It was 1969, and Miles Davis, prince of cool, was on the edge of being left behind by a dynamic generation of young musicians, an important handful of whom had been in his band. Rock music was flying off in every direction, just as America itself seemed about to split at its seams. Following the circumscribed grooves and ambiance of In A Silent Way; coming off a tour with a burning new quintet—called ‘The Lost Band’—with Wayne Shorter, Chick Corea, Dave Holland and Jack DeJohnette; he went into the studio with musicians like frighteningly talented guitarist John McLaughlin, and soulful Austrian keyboardist Joe Zawinul. Working with his essential producer, Teo Macero, Miles set a cauldron of ideas loose while the tapes rolled. At the end, there was the newly minted Prince of Darkness, a completely new way forward for jazz and rock, and the endless brilliance and depth of Bitches Brew.

Bitches Brew is still one of the most astonishing albums ever made in either jazz or rock. Seeming to fuse the two, it actually does something entirely more revolutionary and open-ended: blending the most avant-garde aspects of Western music with deep grooves, the album rejects both jazz and rock for an entirely different idea of how music can be made. Hugely controversial, enduringly influential, utterly unforgettable: Bitches Brew.

However, I’m just beginning the real research, there’s a lot to read about and listen to (no complaints there, but maybe my wife and little girl will differ), and I’m looking forward to both new discoveries and new insights.

As the process goes along—publication is currently set for Spring 2016—I’ll update progress here and, depending on what the publisher allows, may post work-in-progress excerpts here at the blog.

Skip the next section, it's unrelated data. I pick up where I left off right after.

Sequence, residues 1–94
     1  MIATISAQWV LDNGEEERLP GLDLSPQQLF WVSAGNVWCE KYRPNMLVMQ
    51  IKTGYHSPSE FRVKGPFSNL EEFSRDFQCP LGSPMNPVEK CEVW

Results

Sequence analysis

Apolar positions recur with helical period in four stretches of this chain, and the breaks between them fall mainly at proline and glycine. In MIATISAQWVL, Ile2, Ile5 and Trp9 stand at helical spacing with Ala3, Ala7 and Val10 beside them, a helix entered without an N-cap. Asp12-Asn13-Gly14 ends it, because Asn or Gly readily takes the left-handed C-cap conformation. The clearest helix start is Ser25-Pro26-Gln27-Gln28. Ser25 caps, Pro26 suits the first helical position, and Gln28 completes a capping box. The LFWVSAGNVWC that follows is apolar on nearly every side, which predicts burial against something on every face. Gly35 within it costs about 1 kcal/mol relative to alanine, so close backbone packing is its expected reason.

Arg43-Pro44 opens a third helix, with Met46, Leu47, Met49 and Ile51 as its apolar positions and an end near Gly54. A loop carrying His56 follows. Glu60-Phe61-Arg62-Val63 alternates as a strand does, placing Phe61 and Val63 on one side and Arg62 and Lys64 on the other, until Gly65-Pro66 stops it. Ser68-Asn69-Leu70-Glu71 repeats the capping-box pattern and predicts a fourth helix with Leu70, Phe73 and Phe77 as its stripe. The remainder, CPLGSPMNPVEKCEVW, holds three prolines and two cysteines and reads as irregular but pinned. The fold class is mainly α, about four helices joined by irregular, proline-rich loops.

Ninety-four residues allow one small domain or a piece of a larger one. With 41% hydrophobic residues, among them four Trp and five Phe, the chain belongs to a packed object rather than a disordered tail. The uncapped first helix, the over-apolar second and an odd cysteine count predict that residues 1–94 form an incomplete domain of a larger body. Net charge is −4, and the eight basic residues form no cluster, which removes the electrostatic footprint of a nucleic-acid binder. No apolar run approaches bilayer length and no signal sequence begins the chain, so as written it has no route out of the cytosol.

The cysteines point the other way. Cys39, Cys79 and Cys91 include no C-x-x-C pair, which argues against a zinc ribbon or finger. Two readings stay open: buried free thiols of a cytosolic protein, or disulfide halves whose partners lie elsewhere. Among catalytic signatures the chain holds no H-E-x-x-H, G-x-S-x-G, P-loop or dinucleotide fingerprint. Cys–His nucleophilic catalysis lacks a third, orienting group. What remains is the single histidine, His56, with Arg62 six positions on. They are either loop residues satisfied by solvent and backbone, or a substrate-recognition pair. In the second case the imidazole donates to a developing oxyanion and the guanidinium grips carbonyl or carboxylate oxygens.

In the meantime, prepare thyself for Miles’ birthday, May 26, with this set of deals from Popmarket, and bookmark this site and/or feed for more to come.

Identifying a Need

Some of you may know I’m in the running to write a book on Bitches Brew for the 33-1/3 books series (I’m on the shortlist and waiting to hear their final decision, hopefully before the end of the month). Maybe that makes me hypersensitive to mentions of the album, but today’s “Week in Review” section of the New York Times has a lifestyle piece that begins:

IN 1975 it was my friend Daryl — one of the very few African-American students in my mostly white prep school — who was the champion of the new. “Boylan,” he said one day after school. “You have to check this out.” Then he put Miles Davis’s “Bitches Brew” on the turntable.



The album had been out for a few years and was already big — though not in the strait-laced neighborhood I grew up in. I wrinkled my nose as the crazy jazz fusion filled the room. It wasn’t exactly “On Green Dolphin Street” or “Milestones.” It sounded strange, a little atonal. I said as much.

The whole thing loses focus from there, but beyond the technical point that Bitches Brew is NOT atonal, one of the main points I’d like everyone to be able to read in printed form is that the record is also NOT ‘jazz fusion,’ and certainly not crazy.

The writer goes on to praise Charles Ives’ The Unanswered Question, which seems a paradoxical attitude. But then the problem is how people are conditioned to expect to hear something and find easy ways to dismiss the unexpected, layperson and aficionado alike. And Bitches Brew continues to challenge expectations. No word on if she’s hearing it, but please don’t fear the funk. Let it set you free.